The program offers attorney-client relationship with privileged communications and duty to represent the client. Active duty and reservists are assisted anytime and anywhere. Dependents, retirees and certain civilians when assaulted by active duty members are also helped.

“It’s important to share that in my capacity as a victim legal counsel I don’t work for the prosecutor, defense or command. I work solely for the victim and form that attorney-client relationship directly with victim(s) of sexual assault,” explained Lt. Cmdr. Steven Meredith, Judge Advocate General Corps and Victims’ Legal Counsel assigned to Naval Base Kitsap Bangor, who covers all of the West Sound region/greater Kitsap Peninsula area.

Meredith provides legal advice, assistance and advocacy related to alleged sexual offense. He give clients a ‘voice and choice,’ protects a client’s privacy, and advances and advocate a client’s interests

“Any time there is any sexual assault case, the sooner I can meet with the victim the better,” continued Meredith. “I can help with their concerns, such as explaining the process so they can make informed decisions. I also can advocate for them in court; be with them doing an interview with NCIS; and if they are worried about collateral misconduct, such as underage drinking, their sharing is confidential and [falls under] restricted reporting.”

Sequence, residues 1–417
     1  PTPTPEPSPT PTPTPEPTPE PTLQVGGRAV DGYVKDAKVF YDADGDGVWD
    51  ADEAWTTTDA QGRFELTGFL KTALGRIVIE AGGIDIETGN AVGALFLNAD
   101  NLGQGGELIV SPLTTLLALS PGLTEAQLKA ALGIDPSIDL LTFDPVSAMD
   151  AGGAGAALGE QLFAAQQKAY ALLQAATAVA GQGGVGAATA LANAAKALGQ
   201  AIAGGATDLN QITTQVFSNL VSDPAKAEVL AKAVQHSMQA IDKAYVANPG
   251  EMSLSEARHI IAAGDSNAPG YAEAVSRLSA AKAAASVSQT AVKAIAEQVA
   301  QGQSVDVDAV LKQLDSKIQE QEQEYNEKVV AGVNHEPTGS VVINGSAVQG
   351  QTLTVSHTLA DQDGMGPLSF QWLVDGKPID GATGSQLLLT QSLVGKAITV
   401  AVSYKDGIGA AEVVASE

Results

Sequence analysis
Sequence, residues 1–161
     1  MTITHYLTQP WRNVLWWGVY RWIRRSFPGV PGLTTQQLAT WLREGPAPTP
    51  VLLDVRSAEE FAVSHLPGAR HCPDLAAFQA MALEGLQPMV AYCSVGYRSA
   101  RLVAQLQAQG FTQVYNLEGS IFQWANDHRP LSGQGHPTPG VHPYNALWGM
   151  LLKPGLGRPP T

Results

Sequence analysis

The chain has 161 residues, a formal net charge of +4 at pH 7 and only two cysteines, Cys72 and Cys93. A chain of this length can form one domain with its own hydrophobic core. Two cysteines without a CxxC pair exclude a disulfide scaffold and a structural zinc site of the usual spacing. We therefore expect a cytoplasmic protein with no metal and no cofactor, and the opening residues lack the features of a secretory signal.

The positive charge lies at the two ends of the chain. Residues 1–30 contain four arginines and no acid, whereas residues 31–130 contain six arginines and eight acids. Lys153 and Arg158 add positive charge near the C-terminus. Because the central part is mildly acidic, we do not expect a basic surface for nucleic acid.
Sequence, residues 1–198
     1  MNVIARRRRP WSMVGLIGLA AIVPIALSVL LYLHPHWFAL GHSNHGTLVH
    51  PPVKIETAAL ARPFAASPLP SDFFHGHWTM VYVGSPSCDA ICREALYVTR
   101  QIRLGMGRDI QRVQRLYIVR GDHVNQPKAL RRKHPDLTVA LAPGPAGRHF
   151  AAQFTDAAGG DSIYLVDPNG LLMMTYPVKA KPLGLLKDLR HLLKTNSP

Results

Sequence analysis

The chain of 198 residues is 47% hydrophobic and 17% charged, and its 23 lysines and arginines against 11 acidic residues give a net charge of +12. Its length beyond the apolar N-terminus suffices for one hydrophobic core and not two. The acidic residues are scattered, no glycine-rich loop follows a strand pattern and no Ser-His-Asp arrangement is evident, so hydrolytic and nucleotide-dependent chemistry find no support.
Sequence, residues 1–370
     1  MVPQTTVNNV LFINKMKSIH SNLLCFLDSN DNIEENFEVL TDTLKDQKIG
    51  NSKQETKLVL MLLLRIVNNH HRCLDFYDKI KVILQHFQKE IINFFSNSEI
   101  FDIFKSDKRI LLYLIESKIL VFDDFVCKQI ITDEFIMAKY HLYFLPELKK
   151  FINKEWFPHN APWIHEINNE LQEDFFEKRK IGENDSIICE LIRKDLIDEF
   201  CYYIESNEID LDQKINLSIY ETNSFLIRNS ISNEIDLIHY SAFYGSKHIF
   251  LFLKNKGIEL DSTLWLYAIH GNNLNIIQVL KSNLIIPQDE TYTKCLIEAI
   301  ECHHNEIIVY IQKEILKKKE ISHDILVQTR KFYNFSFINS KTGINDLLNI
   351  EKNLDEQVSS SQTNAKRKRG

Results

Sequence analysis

“One thing to also remember is that if a victim legal counsel is involved as soon as possible, it lessens the victim having to retell their story a million times,” Anderson added.

Testimony strategy was then shared by Lt. Cmdr. Travis J. Owens, Senior Trial Counsel assigned to Region Legal Service Office Northwest and Lt. Julie Sherman-Dumais of the Military Justice Department, Region Legal Service Office Northwest.

“As a SAMFE, you are not there to give your personal opinion. You will be called upon to admit the Sexual Assault Forensic Exam (SAFE) report and to explain the report,” stated Owens, sharing such practical strategies as reviewing documents, protocols, exam procedures and other issues all part of the process to make sure a SAMFE and counsel are on the same page.

Owens and Sherman-Dumais went through a mock filed report of a simulated sexual assault, peppering called-forth examiners with queries to test their response ability.

Lt. Matthew Landon from the USS Boxer (LHD 4) calmly handled and explained every question from Owens.

“That’s what we’re looking for,” commented Owens on Landon’s performance, explaining that direct examinations rely on open-ended questions whereas cross-examination questions differ stylistically from direct by using leading questions that are usually answered by a “yes” or “no.”

“The long and short of it is that a SAMFE doesn’t have to sweat it. We will prep beforehand. We’re here today to show the concepts,” Owens said.

According to Cmdr. Gregory Freitag, Navy’s Bureau of Medicine and Surgery (BUMED) Sexual Assault Medical Program manager, historically the sexual assault medical forensic examiner role has been seen as an arm of law enforcement.